We closed the evening with a midnight dinner served on a lustrous red cloth on the carpet and, when it was time for us to leave, Mahla’s mother begged us to spend us the night.  Touched by yet another remarkable gesture of generosity, we declined regretfully, but promised to return some day.  We left their home amazed once again by the extraordinary hospitality of the Iranian people.



We met Ehsan unexpectedly, amidst the crumbling mud brick fortresses and wind towers of the ancient desert city of Nain. We had been searching aimlessly for a rooftop from which to appreciate Nain’s domed mosques, which loomed all around yet were invisible within the maze of arcaded corridors and connecting courtyards that comprised the city’s street level. I had hoped a local might guide us to such a rooftop, but the chador-wrapped women and brooding men I passed on the street shook their heads apologetically when I approached to ask if they spoke English.

Crossing an empty courtyard, we noticed a white car swoop into a parking spot only a few feet from where we stood. A clean-cut man with curly hair and a crisply ironed shirt emerged quickly. He was about to hurry towards one of the nearby alleys, when he suddenly turned and flashed us a radiant smile. I smiled back. Seizing the opportunity, I asked in English whether he knew of a rooftop from which I could photograph the city.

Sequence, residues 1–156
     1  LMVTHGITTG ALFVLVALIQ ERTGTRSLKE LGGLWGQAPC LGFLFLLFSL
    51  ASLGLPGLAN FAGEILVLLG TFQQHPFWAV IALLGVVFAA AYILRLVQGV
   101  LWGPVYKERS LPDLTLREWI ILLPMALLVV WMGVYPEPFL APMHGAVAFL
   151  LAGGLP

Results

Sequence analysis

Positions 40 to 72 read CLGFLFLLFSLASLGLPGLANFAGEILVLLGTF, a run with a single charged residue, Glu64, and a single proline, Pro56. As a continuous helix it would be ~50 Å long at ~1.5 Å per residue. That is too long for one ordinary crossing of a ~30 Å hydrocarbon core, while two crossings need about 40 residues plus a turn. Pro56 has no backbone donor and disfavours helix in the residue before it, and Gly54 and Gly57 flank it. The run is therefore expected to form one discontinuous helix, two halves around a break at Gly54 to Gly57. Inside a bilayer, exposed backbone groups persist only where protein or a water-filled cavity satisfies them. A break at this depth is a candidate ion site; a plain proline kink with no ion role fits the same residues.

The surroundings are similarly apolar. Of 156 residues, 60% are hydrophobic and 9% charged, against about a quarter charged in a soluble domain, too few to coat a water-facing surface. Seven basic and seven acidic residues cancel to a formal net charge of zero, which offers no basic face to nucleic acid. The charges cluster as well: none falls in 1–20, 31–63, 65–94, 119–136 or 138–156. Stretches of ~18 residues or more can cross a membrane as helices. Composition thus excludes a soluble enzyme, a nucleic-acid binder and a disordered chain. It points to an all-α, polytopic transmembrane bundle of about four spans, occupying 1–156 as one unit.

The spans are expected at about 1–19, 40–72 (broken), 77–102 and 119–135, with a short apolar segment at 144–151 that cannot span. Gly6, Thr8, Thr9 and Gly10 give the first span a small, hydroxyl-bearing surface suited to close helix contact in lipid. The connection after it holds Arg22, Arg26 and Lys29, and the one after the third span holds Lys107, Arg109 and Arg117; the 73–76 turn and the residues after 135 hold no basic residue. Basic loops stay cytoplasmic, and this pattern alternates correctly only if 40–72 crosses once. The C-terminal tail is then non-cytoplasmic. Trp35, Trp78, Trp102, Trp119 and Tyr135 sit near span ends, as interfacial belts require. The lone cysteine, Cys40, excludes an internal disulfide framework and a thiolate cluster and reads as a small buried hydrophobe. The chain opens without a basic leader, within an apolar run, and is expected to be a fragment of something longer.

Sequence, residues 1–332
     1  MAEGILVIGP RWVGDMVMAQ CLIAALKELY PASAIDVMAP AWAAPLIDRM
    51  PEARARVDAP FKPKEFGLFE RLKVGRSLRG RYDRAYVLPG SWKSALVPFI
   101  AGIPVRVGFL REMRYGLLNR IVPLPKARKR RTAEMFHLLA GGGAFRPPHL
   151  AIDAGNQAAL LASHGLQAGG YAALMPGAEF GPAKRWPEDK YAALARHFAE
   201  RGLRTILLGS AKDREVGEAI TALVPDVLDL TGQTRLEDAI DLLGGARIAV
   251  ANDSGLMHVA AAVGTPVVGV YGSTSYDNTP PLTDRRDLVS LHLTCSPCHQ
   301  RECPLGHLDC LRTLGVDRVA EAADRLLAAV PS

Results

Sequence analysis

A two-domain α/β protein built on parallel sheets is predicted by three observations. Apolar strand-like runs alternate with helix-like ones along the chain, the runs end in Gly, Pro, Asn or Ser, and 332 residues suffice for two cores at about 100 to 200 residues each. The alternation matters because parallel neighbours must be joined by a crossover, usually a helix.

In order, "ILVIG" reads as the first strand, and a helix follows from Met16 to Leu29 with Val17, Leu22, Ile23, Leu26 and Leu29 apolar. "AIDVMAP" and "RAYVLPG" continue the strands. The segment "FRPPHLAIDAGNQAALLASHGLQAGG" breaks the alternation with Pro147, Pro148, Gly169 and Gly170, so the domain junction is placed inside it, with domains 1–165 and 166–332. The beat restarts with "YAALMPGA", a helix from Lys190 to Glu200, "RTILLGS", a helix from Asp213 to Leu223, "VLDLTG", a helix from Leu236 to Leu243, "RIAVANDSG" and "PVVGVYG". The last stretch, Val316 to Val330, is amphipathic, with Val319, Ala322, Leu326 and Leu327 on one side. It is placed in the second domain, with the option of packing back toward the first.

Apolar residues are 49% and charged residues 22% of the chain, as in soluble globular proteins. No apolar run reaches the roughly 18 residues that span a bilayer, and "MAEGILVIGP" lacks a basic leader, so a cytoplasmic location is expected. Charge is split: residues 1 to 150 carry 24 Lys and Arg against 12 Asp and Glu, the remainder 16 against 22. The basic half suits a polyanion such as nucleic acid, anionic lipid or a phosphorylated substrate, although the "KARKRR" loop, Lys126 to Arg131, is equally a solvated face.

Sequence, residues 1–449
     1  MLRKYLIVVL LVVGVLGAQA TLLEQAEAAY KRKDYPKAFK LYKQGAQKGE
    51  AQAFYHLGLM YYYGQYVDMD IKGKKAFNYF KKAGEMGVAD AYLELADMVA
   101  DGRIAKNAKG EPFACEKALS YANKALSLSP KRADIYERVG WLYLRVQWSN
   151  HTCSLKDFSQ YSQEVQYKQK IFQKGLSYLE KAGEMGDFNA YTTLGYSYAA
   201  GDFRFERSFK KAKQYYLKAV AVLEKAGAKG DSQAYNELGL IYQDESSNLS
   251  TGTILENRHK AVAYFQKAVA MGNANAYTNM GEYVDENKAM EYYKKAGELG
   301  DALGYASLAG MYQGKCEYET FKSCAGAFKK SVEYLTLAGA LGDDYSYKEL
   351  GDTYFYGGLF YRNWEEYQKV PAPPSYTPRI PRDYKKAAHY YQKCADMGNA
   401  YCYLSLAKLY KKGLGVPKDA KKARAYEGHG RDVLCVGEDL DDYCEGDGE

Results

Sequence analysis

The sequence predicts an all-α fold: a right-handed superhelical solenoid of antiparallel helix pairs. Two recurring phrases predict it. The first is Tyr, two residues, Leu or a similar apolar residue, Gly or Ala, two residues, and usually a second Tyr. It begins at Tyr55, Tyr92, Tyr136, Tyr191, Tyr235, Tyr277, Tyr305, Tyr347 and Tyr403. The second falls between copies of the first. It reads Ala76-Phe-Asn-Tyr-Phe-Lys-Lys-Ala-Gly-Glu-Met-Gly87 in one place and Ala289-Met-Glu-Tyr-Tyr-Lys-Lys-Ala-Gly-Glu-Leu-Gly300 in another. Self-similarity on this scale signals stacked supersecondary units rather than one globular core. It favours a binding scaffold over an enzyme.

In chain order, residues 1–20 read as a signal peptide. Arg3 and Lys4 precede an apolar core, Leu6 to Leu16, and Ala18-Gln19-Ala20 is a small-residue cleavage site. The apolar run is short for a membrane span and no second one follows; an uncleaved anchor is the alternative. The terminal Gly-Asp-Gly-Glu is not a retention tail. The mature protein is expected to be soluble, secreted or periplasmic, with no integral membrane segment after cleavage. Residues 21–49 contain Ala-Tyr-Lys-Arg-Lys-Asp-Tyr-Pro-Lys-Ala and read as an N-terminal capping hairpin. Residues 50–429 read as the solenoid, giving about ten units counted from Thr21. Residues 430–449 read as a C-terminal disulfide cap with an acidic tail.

“Hmmmm,” he said slowly, pondering my question. “No, I don’t.” Then, he paused. “Do you have a leader?”

We shook our heads, indicating we did not. “Leader,” as we had learned from other Iranians, meant “tour guide.”

He hesitated, glancing uncertainly in the direction of the alley where he had originally been headed. Then– apparently resolving that his errand could wait— he turned towards us brightly.

“Come with me,” he said. “I will take you on a tour.”


And, with that, we climbed into the white car and our new friend—Ehsan—drove us all over Nain and the surrounding villages, introducing us to its many castles and mosques and even to a cave to meet a famous rug-maker.  At dusk, Ehsan excused himself temporarily to pick up his wife and two year-old daughter and then returned for us, taking us to the family’s garden house, where they grew pomegranates and raised goats.

If he was supposed to be elsewhere, he never admitted it.  Like so many of the Iranians we met, Ehsan had brushed aside his own plans, from one moment to the next, to show us his city and yet never made us feel we had caused him any inconvenience.  For that, and for all of their generous acts, we will be forever grateful– and in awe– of our Iranian friends.  Iranians are without a doubt the kindest and most hospitable people I have ever met.

Iran: Police State?


I never thought that Iran would be dangerous in the way others assume it to be. That is, I knew that, unlike other countries in the Middle East, it is plagued neither by civil war, sectarian violence nor terrorism.   However, I did imagine it to be a police state where any slight misstep could have drastic consequences.

I had read about Iran’s dreaded morality police. I pictured them stalking the streets, ready to pounce any woman revealing too much skin or couple holding hands. In a country that forbids so many mundane acts—from using Facebook to touching someone of the opposite sex—I feared I might unintentionally break a law and incite the ire of the authorities. Only I—a dual citizen of the U.S. and Uruguay traveling on a Uruguayan passport—would likely wind up, like the American hikersin prison on charges of espionage.